ISNA supports and advocates for a policy to evacuate surgical smoke to be implemented at hospitals and ambulatory surgery centers. ISNA commits resources to advocate for the adoption of smoke evacuation policies. 


7.The promotion and funding for nursing research projects/programs that expand the scientific base of nursing practice and that maximize nursing contribution in the promotion of health and wellness.

Funding for accredited nursing programs that prepare adequate numbers and diversity of appropriately skilled registered nurses to assure the delivery of and access to safe quality nursing care.

An ongoing and consistent method of data collection, analysis and projections regarding the demand and supply of Indiana nurses workforce.

Specialty certification as a means to enhance patient safety and improve patient care outcomes.

In addition to formal education in an academic setting, certification in the nurse’s clinical specialty is another avenue for professional growth. Certification is a nationally recognized credential reflecting the nurse’s proficiency in care delivery to specific patient populations. The certification process is administered by ANCC and other professional nursing organizations.

Environments that encourage certification because the facility benefits through increased nurse retention and job satisfaction.

Legislative and other initiatives that remove restrictions that prevent the maximum utilization of Advanced Practice Registered Nurses (APRNs).

Working with nursing and non-nursing stakeholders to promote effective utilization of APRNs in improving access to health care in Indiana.

The role of APRNs and all registered nurses as full members of health care teams.

Nursing programs that offer seamless pathways from ASN-to-BSN programs to achieve the 80 percent of BSN proportion by 2020.


8.  Funding to support prevention, education, research, and access to safe quality care to address major health conditions.

The expansion of non-institutional health care services such as home and community-based nursing services consistent with identified health care needs.

Daily availability of registered nurses to students enrolled in primary and secondary schools.

The participation of registered nurses in emergency preparedness planning and response.

Continued participation in the Indiana Center for Nurses and willingness to assist in educating Indiana nurses about the severity and nature of the faculty shortage.

Participation by members in AHEC (Area Health Education Centers), both at state and regional levels.

Health care reform that incorporates the key contributions of nurses in addressing access, cost and quality.

And encourages collaboration with other stakeholders in the design of health care reform.

Providing information to nurses throughout the state on health care reform.

The development of a comprehensive, inclusive state- wide trauma system.

The appointment of nurses as voting members of hospital and other governing boards.

Advocating for trauma system funding in the upcoming state (2013) budget and promote nursing as a stakeholder in the ongoing development of a comprehensive, inclusive state-wide trauma system.

Implementation of Nurse Family Partnerships across the state with availability to every first-time, low-income mother.


9.  That the federal, state, and local governments work to provide a stable source of funding to meet the public’s health care needs, including recognition of and remuneration for services rendered by nurses.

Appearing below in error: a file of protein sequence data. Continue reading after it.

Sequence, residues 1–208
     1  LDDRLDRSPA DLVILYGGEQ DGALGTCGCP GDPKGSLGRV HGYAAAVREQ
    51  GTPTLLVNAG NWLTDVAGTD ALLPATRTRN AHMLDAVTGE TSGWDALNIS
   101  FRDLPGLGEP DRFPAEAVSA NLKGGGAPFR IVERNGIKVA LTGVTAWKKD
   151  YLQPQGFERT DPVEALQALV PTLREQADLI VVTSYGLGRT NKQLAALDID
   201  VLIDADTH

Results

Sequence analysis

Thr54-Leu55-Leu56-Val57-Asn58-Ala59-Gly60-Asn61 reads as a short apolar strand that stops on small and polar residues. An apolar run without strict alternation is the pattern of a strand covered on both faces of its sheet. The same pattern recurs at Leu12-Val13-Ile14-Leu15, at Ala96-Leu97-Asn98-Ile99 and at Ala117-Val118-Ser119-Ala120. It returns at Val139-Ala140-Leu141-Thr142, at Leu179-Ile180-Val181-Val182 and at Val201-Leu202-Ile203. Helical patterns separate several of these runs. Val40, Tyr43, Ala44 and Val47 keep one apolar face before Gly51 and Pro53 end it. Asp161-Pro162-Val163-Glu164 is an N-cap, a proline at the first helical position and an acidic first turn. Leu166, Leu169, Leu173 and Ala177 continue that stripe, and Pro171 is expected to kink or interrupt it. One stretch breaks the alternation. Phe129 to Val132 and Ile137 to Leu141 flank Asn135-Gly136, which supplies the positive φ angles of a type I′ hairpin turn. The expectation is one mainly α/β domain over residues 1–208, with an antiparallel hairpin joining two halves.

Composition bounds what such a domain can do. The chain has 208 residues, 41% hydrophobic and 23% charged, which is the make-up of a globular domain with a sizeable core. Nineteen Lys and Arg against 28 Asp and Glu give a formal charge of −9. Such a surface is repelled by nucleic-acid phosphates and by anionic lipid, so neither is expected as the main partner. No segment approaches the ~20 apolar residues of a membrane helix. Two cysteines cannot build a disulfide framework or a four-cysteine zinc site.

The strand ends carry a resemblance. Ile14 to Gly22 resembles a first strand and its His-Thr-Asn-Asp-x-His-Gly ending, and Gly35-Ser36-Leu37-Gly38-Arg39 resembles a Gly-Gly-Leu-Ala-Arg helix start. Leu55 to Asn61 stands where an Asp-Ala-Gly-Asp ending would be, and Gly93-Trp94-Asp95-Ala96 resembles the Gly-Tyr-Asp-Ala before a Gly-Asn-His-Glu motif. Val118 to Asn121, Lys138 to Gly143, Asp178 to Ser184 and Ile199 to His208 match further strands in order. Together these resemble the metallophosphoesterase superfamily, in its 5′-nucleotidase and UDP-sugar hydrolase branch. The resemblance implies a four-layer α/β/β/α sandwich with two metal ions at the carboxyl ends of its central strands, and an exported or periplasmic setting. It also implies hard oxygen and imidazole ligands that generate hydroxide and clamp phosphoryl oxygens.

Accredited baccalaureate nursing programs as the preferred educational preparation for a licensed registered nurse.

Active opposition to legislative or regulatory action that would reduce standards for nursing education in Indiana.

Active opposition to legislative or regulatory action that would restrict nursing practice.

Mechanisms which would recognize and expand nursing practice.

The Indiana State Board of Nursing as the approving body for nursing education programs leading to licensure.

Accreditation of all nursing school education programs by nursing discipline specific accrediting agencies.

That the Indiana State Board of Nursing is responsible to regulate the practice of nursing as defined in Indiana statute.

Opposition to prosecution of health care providers and facilities under the criminal neglect statute instead of through state licensing boards or state regulatory agencies.

Legislative action to protect nurses who report unsafe, incompetent, or illegal practices from harassment or retaliation by employers, including, but not limited to, termination of employment.

The title “birth attendant” for non-nurse midwives and regulation by the Professional Licensing Agency and the Indiana State Medical Licensing Board.

Legislation that must cover accepted practices, training requirements, supervisory and referral issues and have clear methods for disciplining and removal from an approved list of birth attendants.

That the Indiana tobacco settlement monies should be used only for the improved health of the citizens of Indiana.

That elimination of significant waste and inefficiency must first occur before nursing salaries and/or positions are affected when cost containment initiatives are undertaken.

Direct third-party reimbursement for nurses to include advanced practice nurses and certified registered nurse anesthetists by all payers.

Competitive salaries for all nurses. Pay equity.


Patient-centered medical home as an enhanced model of primary care.

Health information technology to share interoperability among health systems.

Payment reforms to slow spending for heath care growth while improving quality.

Redesign of a public health system that speaks to health of the nation.

Revamping the US food and drug safety system.

Improving access to health care that is appropriate convenient and cost effective.

Insurance reform to allow for reasonable expense and coverage for all citizens.

Tort reform to address unreasonable claims against health institutions and providers.

Portability for health insurance.